Life as a financially independent, stable adult means always being able to pay your monthly bills. When these financial obligations take priority, you may have to cut back on other costs that aren’t obligatory. For many people, these cutbacks can impede social life spending. But you can still easily have a social life on a budget – here’s how.
Practice cost-free social life now
At the moment, the world is in the midst of the COVID-19 pandemic, and cases continue to spread rapidly in the United States, especially among younger people. Since the safest thing to do during the pandemic is to stay home and avoid seeing friends in indoor settings, now may be the perfect time to practice staying entertained without leaving home. Try seeing your friends virtually via video chat or in an online game room. These options tend to be entirely free – and they won’t disappear when the pandemic does.
Set a social life budget
Another option for having a social life on a budget is to very literally set a formal social life budget. Some experts recommend setting aside at most 10 percent of your take-home pay for your social life. This spending category includes drinks, cover fees, transportation to and from social events, tickets to shows, and more.
Bring your social life home
If your friends want to meet for brunch at an expensive nearby spot, why not invite them to your apartment for a homemade brunch instead? Not only will you all save money by splitting the cost of groceries, which are much less expensive than restaurant food, but you’ll also get to spend time together in a quieter, more private environment where you have far more freedom to do and say anything you want.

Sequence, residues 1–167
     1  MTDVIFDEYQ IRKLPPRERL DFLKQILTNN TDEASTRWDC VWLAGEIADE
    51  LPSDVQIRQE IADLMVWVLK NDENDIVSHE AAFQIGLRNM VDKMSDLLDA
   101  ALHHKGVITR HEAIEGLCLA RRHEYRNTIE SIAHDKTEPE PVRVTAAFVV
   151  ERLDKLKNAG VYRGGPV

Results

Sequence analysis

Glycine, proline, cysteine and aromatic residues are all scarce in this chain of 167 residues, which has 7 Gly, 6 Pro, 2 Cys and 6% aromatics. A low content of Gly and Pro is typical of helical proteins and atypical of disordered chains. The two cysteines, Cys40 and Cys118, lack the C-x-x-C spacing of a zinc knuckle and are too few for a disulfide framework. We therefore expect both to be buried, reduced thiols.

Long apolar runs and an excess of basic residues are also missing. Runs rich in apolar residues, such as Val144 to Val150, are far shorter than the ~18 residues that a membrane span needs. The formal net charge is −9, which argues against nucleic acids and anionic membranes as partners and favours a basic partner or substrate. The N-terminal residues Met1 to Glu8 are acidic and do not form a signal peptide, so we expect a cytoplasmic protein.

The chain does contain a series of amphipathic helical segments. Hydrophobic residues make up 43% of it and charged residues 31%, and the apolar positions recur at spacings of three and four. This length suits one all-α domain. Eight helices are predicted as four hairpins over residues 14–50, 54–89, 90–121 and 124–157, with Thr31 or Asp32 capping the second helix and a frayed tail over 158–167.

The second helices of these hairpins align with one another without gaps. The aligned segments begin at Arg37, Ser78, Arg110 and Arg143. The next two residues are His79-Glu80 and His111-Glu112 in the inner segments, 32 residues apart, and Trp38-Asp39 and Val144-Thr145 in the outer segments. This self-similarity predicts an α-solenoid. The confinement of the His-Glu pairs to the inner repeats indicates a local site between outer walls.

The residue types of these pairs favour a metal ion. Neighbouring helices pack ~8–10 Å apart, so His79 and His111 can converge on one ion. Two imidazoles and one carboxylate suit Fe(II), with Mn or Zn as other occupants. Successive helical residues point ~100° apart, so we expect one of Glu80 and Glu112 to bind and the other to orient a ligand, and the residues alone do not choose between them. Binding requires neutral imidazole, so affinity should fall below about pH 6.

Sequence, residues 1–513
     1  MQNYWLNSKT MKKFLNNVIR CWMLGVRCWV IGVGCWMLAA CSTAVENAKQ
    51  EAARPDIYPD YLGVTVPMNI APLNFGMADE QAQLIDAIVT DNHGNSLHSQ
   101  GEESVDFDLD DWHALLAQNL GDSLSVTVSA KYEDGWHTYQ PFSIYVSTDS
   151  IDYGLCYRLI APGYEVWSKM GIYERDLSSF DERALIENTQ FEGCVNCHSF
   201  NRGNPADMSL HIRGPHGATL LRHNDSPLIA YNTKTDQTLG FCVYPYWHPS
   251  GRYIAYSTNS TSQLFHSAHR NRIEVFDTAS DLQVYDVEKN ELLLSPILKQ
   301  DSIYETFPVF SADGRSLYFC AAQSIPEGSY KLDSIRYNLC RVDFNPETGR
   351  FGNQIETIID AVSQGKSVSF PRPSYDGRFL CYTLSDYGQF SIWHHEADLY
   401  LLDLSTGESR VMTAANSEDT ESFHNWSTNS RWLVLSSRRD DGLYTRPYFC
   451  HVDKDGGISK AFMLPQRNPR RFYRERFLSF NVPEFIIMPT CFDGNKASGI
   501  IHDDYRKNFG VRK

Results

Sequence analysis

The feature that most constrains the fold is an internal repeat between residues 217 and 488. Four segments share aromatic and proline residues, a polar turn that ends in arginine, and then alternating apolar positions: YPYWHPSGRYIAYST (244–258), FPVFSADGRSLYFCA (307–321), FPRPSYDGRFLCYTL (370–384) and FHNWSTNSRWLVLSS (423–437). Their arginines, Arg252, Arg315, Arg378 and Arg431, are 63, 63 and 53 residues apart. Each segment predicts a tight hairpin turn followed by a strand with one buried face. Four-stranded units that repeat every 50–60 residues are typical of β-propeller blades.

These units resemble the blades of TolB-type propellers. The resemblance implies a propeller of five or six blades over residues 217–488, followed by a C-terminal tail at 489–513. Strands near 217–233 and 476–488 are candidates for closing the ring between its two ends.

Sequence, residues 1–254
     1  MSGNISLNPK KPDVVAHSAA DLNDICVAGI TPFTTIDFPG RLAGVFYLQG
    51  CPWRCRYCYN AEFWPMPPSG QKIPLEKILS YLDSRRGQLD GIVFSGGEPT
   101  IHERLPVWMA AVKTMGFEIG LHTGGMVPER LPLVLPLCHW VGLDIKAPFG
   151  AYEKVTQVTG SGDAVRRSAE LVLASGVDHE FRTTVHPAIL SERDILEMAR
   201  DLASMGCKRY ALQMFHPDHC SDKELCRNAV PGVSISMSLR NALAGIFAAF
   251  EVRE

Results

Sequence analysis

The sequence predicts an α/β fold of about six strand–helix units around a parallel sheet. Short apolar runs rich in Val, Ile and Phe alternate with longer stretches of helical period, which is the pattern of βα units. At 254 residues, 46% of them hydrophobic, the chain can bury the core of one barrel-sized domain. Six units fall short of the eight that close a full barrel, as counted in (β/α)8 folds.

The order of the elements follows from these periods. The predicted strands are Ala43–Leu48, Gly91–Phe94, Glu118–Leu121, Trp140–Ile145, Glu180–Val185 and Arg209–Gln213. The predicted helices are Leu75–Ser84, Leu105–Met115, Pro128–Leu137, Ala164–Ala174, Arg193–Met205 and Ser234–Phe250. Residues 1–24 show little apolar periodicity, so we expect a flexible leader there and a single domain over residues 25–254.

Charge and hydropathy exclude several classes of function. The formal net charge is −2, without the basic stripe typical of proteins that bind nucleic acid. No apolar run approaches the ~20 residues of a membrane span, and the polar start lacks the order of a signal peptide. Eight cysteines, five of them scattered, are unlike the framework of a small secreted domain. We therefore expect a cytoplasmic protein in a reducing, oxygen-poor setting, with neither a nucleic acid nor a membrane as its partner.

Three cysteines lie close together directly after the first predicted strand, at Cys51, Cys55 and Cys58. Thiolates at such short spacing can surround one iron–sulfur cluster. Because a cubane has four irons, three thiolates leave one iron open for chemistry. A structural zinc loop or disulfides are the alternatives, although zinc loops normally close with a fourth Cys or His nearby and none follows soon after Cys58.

Start a new hobby
Starting a new hobby to maintain your social life on a budget may seem counterintuitive: Don’t hobbies cost more money? For some people, though, funneling a modest amount of money into new hobbies can help to prioritize and streamline their spending.
Using new hobbies to maintain your social life budget works best if you find yourself struggling to stay within your social life budget due to boredom or simply a need for constant entertainment. Investing your money, time, and energy into a new hobby such as a dance club, sports team, or craft group is a much more deliberate use of your social budget: You’ll get to do something you enjoy with other people, and you can start your hobby alongside your friends or make new friends through your new group activities.
Make the plans
Perhaps more important than any spending tip or trick for having a social life on a budget is to be the person making the plans. When you organize social plans for your friend group, you have far more control over how much money you and your friends will need to spend than if you follow your friends’ lead. Choose activities that are both entertaining and affordable, and your friends might not even notice that you’re living your social life on a budget!
How do you stay within your social budget? Sound off in the comments!